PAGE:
Newly-released video sheds light on death of Tyre Nichols


(City of Memphis via AP, File)

In this image from video released and partially redacted by the City of Memphis, Tyre Nichols lies on the ground during a brutal attack by Memphis police officers on Jan. 7, 2023, in Memphis, Tenn.

Patrick Kane, World News Editor

On Jan. 7, a 29-year-old Memphis man named Tyre Nichols was pulled over by members of the Memphis Police Department for allegedly driving recklessly. Three days later, he was pronounced dead at St. Francis Hospital. On Jan. 27, MPD finally released the footage that filled in the gap in between.

According to the video, Nichols was stopped by several police officers for a supposed driving infraction. Suddenly, he was ripped from his car and was then both tased and pepper sprayed. He managed to break away and run towards his mother’s house (the incident occurred around the corner) but was eventually caught. At that point, five officers began to beat Nichols, punching and kicking him in the head repeatedly. Once restrained, one of the officers began to use his baton on Nichols, striking him in the back over and over again. Throughout the entire incident, Nichols was crying out for his mother. An ambulance would not arrive for 17 minutes.

The five officers involved, Tadarrius Bean, Demetrius Haley, Emmitt Martin, Desmond Mills and Justin Smith, were fired from the force on Jan. 20 and six days later were charged with second-degree murder, aggravated assault and aggravated kidnapping by the Shelby County District Attorney. In addition, two firefighters who were working the ambulance that arrived on the scene were relieved of duty pending an investigation.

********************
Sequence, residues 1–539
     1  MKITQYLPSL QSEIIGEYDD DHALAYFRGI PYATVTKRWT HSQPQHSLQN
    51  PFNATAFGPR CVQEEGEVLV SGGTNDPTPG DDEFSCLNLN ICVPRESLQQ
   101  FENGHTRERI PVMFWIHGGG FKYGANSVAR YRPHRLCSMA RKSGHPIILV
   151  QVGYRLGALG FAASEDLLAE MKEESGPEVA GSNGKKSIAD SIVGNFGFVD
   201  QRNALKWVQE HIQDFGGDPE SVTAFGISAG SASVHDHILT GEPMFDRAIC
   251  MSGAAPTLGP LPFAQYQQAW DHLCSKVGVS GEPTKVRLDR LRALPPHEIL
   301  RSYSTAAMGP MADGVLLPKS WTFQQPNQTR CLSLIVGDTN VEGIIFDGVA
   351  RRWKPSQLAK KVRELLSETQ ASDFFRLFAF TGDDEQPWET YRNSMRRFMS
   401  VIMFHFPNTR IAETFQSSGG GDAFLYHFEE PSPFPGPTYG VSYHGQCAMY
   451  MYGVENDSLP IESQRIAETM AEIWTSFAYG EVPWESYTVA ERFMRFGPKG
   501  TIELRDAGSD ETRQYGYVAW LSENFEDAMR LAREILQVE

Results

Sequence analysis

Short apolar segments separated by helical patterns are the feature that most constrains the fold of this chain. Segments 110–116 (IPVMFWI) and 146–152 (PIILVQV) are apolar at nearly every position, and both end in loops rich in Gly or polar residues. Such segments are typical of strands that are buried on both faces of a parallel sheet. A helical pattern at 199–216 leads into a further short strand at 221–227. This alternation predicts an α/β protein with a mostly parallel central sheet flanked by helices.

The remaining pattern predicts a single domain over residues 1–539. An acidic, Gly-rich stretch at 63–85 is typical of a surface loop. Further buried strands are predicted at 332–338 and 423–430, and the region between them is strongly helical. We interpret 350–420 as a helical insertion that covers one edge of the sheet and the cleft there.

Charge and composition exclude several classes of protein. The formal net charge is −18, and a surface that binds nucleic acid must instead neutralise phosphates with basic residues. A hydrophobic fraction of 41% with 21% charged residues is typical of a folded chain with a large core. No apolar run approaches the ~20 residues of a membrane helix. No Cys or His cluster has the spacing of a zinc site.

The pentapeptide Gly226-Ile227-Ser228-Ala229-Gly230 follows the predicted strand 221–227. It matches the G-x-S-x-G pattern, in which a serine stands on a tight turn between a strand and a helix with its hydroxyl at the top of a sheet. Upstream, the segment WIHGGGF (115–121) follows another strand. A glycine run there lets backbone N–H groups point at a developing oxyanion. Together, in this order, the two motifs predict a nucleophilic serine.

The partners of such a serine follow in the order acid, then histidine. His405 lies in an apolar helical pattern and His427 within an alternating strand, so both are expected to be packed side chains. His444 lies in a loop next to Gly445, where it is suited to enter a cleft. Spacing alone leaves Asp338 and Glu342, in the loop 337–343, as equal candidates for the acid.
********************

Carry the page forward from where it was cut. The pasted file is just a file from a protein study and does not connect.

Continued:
Memphis Chief of Police Cerelyn Davis remarked, “This is not just a professional failing. This is a failing of basic humanity toward another individual.” President Joe Biden spoke with Nichol’s family and released a statement condemning the incident saying, “Tyre’s death is a painful reminder that we must do more to ensure that our criminal justice system lives up to the promise of fair and impartial justice, equal treatment and dignity for all.”

In the wake of the video’s release, nationwide protests have erupted, demanding reform and future accountability. During the lead-up to the video, Biden and mayors across the country released preemptive statements calling for protests to remain peaceful.

In addition to the aforementioned charges, the U.S. Justice Department and the FBI have opened a civil rights investigation.

Elizabeth Stiles, an associate professor of political science at John Carroll University and faculty advisor to the Pre-Law Society, gave her input on how this tragic incident will affect future police reform, particularly when it comes to the oft-debated topic of qualified immunity.

“All of these videos plus the powerful social movement that swept across the country in 2020 may be chipping away at political support for qualified immunity, particularly the clearly established law standard. Courts have interpreted qualified community to mean that to assert their rights have been violated by the police, the plaintiff has to show that the officer was violating a law that had already been violated in a very similar way in the same jurisdiction (almost impossible). When political support for that interpretation lessens, courts will respond.”

In addition to pressing charges, MPD and Shelby County will also be dissolving the SCORPION (Street Crimes Operations to Restore Peace in Our Neighborhoods) unit that the accused officers were a part of.